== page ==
|Dr. Lohi’s Research into Glaucoma|
Dr Hannes Lohi has launched a genetic research programme at the University of Helsinki, aimed at identifying genetic defects related to hereditary diseases in different dog breeds. Dr Lohi is building a databank of canine DNA samples, and has recently discovered the gene which causes epilepsy in Lagotto Romagnolo puppies. Genetic testing is now available for all Lagotto owners and it is this kind of testing which we hope will become available for Dandies and glaucoma.
Dr Lohi writes
“Rapid development of biomedical research in the past decade has revolutionised the research of genetic diseases. Thousands of disease genes have been discovered in various inherited disorders and that has resulted in the early diagnostics and prevention as well as better treatment of the diseases. This development was greatly boosted by the international Human Genome Project, which has facilitated the identification of the risk alleles and disease genes in many conditions.
“Recently, the dog’s genome has also been sequenced providing us an equally great opportunity for many new gene discoveries. The dog is a geneticist's dream because each pure breed represents a group of genetically similar animals that descended from only a few ancestors. The presence of hundreds of breeds of dog, each in an isolated breeding population, allows us to simplify a complicated genetic problem. Most breeds have been artificially created by man and this selective breeding has resulted in amazing variation between breeds with respect to weight, size, head shapes, coat, ear shape, behaviours and diseases. Since any traits associated with a given breed must result from a shared set of genetic determinants, these genes stand out much more obviously than they would in a population of unrelated, or genetically dissimilar, animals.
“The large number of reported diseases is due to the founder effect and inbreeding practices in pure-bred dogs that uncover recessive disease alleles. Through aggressive breeding programs man has created over 400 different breeds of dog and burdened them with over 400 inherited diseases during the last 400 years. This places dogs as the species with the second largest number of known genetic diseases, surpassed only by humans. Genetic analysis of man's best friend will also help to uncover the genes responsible for the physical features and behaviours unique to each breed as well as the diseases to which they are commonly susceptible, such as cancer, epilepsy, allergies, deafness, blindness, heart disease and hip dysplasia.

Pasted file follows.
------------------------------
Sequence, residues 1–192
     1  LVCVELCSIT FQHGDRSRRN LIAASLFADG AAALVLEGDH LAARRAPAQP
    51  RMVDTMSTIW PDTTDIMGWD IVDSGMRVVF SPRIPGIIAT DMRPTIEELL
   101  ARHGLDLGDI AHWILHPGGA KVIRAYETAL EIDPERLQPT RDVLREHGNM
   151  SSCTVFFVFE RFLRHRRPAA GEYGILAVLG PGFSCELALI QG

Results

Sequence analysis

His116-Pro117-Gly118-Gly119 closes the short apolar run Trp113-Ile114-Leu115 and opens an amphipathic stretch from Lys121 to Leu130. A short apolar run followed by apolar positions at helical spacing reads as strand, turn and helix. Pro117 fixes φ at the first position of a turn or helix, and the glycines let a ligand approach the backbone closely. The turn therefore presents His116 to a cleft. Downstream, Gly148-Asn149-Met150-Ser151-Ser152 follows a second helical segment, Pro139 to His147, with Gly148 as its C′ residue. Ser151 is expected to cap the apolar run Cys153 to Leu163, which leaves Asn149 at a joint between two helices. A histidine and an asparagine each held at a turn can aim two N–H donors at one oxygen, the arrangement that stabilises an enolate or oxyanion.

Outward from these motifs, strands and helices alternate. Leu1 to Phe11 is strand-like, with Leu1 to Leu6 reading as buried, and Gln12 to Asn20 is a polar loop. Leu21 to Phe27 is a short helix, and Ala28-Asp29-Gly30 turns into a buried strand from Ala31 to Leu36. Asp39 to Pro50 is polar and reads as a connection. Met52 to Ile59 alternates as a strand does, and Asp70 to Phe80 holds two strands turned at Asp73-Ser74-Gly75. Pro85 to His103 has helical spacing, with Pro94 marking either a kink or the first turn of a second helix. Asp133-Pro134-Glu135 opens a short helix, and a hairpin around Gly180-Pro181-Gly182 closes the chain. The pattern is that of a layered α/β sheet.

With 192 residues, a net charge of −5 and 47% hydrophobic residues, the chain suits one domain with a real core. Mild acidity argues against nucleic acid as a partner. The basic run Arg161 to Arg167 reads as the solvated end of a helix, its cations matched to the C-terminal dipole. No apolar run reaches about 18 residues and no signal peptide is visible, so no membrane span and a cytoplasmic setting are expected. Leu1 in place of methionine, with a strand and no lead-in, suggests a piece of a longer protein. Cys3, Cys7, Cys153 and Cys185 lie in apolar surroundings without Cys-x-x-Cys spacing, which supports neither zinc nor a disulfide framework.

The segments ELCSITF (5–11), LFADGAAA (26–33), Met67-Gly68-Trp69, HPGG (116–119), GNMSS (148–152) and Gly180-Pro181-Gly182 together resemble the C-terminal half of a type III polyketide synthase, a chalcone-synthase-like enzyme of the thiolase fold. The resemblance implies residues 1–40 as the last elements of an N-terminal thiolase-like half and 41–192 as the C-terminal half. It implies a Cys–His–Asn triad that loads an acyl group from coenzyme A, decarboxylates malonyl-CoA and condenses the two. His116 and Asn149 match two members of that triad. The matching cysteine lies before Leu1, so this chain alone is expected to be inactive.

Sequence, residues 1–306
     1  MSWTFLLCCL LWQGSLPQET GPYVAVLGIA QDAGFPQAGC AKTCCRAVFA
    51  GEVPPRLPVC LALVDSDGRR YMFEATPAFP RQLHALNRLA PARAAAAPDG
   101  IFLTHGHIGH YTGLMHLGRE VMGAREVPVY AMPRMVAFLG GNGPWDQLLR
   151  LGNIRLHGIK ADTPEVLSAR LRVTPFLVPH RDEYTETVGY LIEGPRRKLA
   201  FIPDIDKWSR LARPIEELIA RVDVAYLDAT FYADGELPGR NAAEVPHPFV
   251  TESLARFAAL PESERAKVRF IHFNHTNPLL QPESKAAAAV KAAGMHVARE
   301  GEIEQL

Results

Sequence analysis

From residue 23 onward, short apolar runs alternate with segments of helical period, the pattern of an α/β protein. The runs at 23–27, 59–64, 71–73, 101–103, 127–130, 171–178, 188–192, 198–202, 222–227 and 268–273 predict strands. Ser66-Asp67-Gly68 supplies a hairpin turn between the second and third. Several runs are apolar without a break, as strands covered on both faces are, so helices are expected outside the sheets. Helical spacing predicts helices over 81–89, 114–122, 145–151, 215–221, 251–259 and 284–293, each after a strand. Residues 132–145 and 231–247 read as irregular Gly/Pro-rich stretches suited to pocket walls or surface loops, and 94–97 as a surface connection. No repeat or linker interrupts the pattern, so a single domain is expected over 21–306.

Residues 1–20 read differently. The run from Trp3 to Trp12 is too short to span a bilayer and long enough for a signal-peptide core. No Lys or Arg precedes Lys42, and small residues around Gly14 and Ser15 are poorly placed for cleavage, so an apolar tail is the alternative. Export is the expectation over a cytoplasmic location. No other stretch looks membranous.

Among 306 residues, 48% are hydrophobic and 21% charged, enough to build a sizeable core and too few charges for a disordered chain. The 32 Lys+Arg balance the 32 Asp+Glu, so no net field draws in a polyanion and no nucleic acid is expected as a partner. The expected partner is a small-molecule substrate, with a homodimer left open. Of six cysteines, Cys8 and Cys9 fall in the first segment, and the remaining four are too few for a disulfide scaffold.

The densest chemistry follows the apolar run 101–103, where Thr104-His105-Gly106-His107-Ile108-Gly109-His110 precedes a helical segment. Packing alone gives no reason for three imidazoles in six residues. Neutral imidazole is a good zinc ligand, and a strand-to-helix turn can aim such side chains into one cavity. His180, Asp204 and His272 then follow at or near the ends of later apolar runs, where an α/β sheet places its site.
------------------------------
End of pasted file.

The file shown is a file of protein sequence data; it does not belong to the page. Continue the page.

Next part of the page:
“I have started a canine genetic program in the University of Helsinki, Finland. Our objective is to collect many breeds of dogs with different inherited diseases and try to identify the genetic defects behind them. Potential gene discoveries will help us to devise DNA markers and tests, which can be used to reliably distinct affected, carrier and healthy dogs. This will help the breed club to redesign the breeding programs to start systemically to prevent or eradicate the disease in the breed. This is important since it allows us to keep also the carrier dogs in the population and develop the breed in a more controlled way.
“We have initiated several research projects in multiple breeds of dogs in Finland. We have started to collect pedigrees and DNA samples for many breeds with variety of diseases such as epilepsy, autoimmune diseases, cancers, vision disorders and behavioural problems. It is important for the success of the projects that the owners and breeders would participate openly and actively with the research group to help them to get enough DNA samples, pedigree information and clinical data to ensure necessary resources for disease gene identification.
“To be able to conduct these studies, we need blood samples from the affected dogs and their healthy siblings and parents as much as possible. More samples we get, faster we can proceed. All the dog names and owner information will not be revealed to anybody and will be handled confidentially. Although the research group is responsible for the major funding of the projects, we welcome also any external help.
“We wish an open and fruitful collaboration with all dog owners, breeders and friends, and welcome as many samples as you can contribute for the projects. Together we can now start to advance the healthiness of our breeds and make sure we have happy dogs in future!”
In the last few months increasing numbers of Dandie owners have been sending in blood samples to Dr Lohi: in July 2007 Dr Lohi only had 40 samples from Dandies; by May 2008 he had received to date 123 samples. By the time this article is published, Dr Lohi and his team will have begun to map the gene, initially taken from twenty Dandies’ samples. This is just the first set of samples he will be analysing in order to try and map the glaucoma locus, but this is just the beginning and he will continue to need more samples so it is very important to continue sending our samples to him.
For all Dandies whose samples have already sent in, it is very important to keep Dr Lohi updated in the following circumstances:-
If you would like to help the Dandie breed by participating in this research, please see the following instructions:-
Information for blood sample collection:
All information regarding the dog´s or owner´s names will be kept confidential. Results will be released only by the owner´s consent.
Ranja Eklund/Lohi´s research group
Biomedicum Helsinki, Room B332a
PL 63 (Haartmaninkatu 8)
FIN-00014 University of Helsinki
Thank you for your continued support.